It’s worth noting that passive soundbars often outlast their active counterparts. If you own a passive soundbar, you probably use it as a center/front channel speaker for your surround sound system. In that case, your passive soundbar will last as long as the rest of your home theater.
You should upgrade your soundbar to get better audio, high-quality surround sound, and additional connectivity. Newer soundbars typically come with Dolby Atmos, voice assistants, Bluetooth, 3D sound, and more.
Although an old soundbar is always better than no soundbar, there’s something to be said about modern creature comforts. Soundbars have evolved into a true audio media center in the last couple of years.
Not only do you get surprisingly immersive surround sound, but you also get a smart wireless speaker on top of it.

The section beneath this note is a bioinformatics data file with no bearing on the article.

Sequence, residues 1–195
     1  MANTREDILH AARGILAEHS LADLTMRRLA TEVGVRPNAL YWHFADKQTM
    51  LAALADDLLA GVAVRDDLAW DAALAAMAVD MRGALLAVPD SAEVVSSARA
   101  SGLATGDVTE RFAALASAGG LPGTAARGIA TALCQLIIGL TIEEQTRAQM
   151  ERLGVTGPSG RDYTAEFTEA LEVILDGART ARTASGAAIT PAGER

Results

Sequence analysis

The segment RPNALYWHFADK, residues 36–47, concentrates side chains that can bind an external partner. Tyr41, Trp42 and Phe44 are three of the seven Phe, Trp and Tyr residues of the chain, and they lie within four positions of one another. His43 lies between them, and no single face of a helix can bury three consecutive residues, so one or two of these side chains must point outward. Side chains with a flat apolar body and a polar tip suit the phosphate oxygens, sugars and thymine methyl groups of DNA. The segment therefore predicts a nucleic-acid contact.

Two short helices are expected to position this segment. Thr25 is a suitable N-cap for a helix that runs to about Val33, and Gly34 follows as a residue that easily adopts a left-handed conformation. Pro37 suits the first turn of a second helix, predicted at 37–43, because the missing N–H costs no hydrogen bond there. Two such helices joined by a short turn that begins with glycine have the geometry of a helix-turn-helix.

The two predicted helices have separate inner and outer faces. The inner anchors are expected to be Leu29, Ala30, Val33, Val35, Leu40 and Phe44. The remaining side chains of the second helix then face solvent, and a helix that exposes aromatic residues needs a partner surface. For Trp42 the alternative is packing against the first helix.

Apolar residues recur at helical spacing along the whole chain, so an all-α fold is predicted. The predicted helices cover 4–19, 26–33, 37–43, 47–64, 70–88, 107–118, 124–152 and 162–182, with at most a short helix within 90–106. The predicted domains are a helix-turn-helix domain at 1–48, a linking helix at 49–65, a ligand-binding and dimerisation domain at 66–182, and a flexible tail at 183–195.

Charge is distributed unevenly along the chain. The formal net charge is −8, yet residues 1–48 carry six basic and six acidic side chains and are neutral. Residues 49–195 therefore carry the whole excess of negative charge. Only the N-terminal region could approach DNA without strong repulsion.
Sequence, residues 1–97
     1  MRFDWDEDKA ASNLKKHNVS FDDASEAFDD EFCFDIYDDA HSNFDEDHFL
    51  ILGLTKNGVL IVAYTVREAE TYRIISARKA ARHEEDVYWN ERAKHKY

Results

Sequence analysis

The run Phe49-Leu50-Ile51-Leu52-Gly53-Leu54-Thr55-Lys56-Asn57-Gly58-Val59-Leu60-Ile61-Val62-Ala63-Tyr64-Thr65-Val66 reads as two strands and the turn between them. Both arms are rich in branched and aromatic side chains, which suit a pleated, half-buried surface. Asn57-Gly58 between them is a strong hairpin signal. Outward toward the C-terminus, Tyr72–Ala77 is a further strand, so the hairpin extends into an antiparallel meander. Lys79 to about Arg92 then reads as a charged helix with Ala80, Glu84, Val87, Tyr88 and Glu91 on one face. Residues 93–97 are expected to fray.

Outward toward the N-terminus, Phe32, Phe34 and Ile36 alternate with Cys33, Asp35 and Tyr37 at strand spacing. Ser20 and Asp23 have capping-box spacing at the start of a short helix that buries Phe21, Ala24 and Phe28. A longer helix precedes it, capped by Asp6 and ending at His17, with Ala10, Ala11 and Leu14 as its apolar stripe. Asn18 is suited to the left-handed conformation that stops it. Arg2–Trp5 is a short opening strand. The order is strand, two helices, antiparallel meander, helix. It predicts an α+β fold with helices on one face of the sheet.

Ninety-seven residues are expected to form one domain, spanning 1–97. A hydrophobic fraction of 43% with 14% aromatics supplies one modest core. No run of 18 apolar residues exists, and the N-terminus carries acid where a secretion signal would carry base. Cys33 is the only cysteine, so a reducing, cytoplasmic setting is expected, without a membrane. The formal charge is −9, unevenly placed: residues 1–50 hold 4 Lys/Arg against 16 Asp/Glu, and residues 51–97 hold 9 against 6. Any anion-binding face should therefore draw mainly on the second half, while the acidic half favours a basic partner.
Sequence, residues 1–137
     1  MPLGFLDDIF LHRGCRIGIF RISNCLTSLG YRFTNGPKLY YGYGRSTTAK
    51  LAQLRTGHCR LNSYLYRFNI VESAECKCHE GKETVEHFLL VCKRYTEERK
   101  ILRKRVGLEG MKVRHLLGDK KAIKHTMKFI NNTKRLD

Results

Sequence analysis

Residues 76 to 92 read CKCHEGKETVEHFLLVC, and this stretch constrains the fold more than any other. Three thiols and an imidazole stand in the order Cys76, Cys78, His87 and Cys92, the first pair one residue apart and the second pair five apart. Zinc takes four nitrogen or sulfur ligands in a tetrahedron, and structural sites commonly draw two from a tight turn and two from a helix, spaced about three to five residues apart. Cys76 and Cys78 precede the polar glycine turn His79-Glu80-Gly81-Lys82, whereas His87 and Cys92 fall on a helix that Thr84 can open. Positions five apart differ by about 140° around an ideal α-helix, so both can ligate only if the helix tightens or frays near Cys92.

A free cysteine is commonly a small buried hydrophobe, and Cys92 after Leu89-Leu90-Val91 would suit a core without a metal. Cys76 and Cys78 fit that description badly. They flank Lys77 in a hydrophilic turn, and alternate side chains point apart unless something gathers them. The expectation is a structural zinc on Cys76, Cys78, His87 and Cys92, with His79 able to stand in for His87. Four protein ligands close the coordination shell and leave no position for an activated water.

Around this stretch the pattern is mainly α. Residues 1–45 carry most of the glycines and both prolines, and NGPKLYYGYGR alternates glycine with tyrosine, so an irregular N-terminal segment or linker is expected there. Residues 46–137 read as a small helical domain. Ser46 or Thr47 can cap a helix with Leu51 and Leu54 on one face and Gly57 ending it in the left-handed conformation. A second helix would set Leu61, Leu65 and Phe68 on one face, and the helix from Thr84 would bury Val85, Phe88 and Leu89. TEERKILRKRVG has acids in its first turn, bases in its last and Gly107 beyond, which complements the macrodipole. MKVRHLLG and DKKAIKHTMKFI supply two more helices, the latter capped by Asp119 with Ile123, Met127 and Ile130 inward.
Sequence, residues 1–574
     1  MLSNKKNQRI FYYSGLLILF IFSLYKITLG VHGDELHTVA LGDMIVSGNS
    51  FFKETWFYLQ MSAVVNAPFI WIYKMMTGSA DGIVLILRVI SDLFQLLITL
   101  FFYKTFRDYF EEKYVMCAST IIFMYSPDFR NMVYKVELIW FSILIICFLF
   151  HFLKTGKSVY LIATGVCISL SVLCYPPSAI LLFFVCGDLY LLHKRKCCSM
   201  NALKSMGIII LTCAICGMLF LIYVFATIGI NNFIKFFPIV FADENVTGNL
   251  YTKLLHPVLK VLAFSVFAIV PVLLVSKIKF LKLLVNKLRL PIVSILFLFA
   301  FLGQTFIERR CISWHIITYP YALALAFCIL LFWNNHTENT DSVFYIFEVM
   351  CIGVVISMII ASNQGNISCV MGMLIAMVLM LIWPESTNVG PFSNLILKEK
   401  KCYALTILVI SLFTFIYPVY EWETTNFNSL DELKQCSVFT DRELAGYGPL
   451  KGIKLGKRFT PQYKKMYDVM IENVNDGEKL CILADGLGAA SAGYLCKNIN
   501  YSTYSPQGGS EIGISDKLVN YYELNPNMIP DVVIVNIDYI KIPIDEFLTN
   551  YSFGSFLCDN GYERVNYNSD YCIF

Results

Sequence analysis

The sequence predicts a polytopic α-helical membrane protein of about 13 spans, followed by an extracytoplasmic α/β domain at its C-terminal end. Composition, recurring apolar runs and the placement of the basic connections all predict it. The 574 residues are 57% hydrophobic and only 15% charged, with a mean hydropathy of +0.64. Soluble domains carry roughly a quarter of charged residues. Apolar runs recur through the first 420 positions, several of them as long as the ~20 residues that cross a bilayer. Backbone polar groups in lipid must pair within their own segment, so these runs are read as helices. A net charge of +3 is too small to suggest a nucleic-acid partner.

A soundbar from 5 years ago probably can’t double as a Google Assistant or Alexa speaker from the box. Although not all-new soundbars support virtual assistants and Bluetooth, many do.
If you’re in the market for a new soundbar, look no further than the Yamaha YAS-109 Soundbar (Amazon.com). It’s a gorgeous minimalist soundbar with Alexa, a built-in subwoofer, and virtual 3D surround sound to bring your movies to life.
You can make your soundbar sound better by adding a dedicated subwoofer. Soundbars typically provide clear vocals and a clear treble but can sound thin because of the lack of bass. Adding a subwoofer will instantly transform how your TV sounds.
Speaking from experience, a subwoofer is the best way to improve any audio setup that lacks it. Even soundbars with built-in subwoofers can’t match the depth and punch of a dedicated driver with a matching enclosure.